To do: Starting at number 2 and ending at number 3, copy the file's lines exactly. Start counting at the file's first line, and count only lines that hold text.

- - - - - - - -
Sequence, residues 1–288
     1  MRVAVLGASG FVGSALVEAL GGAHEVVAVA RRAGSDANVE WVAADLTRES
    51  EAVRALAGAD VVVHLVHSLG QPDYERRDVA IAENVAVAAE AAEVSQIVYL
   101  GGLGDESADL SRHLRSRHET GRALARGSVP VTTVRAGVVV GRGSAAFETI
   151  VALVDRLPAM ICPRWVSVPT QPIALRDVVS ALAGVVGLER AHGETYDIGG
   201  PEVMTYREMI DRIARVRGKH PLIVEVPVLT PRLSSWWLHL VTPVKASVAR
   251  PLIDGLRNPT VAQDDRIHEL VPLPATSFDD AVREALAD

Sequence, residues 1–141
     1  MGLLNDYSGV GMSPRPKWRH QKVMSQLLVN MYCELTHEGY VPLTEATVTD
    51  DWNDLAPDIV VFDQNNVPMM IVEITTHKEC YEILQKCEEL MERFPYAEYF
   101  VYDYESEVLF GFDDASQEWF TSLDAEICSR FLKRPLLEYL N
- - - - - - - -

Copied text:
     1  MRVAVLGASG FVGSALVEAL GGAHEVVAVA RRAGSDANVE WVAADLTRES
    51  EAVRALAGAD VVVHLVHSLG QPDYERRDVA IAENVAVAAE AAEVSQIVYL